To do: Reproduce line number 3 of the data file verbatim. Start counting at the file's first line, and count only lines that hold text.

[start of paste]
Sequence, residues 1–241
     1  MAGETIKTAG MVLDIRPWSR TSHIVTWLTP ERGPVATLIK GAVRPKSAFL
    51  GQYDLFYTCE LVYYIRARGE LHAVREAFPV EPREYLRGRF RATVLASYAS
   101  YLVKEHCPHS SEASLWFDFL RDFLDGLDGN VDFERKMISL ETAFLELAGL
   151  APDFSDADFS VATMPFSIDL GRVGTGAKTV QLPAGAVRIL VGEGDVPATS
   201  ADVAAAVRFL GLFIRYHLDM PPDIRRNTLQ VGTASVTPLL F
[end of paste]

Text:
    51  GQYDLFYTCE LVYYIRARGE LHAVREAFPV EPREYLRGRF RATVLASYAS